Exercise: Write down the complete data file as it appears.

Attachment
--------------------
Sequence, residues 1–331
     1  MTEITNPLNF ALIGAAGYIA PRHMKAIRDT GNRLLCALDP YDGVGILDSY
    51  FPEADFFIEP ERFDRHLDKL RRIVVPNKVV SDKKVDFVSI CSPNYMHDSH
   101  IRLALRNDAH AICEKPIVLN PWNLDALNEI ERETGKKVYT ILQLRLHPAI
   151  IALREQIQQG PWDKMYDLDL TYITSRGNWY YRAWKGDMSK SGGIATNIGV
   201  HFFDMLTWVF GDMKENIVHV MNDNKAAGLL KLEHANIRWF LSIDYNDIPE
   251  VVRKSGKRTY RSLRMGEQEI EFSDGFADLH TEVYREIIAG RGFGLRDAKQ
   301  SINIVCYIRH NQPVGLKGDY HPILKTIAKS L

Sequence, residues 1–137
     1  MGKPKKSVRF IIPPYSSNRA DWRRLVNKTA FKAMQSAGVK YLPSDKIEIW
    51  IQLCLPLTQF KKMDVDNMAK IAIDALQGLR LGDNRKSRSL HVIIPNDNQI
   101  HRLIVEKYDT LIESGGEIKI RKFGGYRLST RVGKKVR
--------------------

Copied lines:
Sequence, residues 1–331
     1  MTEITNPLNF ALIGAAGYIA PRHMKAIRDT GNRLLCALDP YDGVGILDSY
    51  FPEADFFIEP ERFDRHLDKL RRIVVPNKVV SDKKVDFVSI CSPNYMHDSH
   101  IRLALRNDAH AICEKPIVLN PWNLDALNEI ERETGKKVYT ILQLRLHPAI
   151  IALREQIQQG PWDKMYDLDL TYITSRGNWY YRAWKGDMSK SGGIATNIGV
   201  HFFDMLTWVF GDMKENIVHV MNDNKAAGLL KLEHANIRWF LSIDYNDIPE
   251  VVRKSGKRTY RSLRMGEQEI EFSDGFADLH TEVYREIIAG RGFGLRDAKQ
   301  SINIVCYIRH NQPVGLKGDY HPILKTIAKS L

Sequence, residues 1–137
     1  MGKPKKSVRF IIPPYSSNRA DWRRLVNKTA FKAMQSAGVK YLPSDKIEIW
    51  IQLCLPLTQF KKMDVDNMAK IAIDALQGLR LGDNRKSRSL HVIIPNDNQI
   101  HRLIVEKYDT LIESGGEIKI RKFGGYRLST RVGKKVR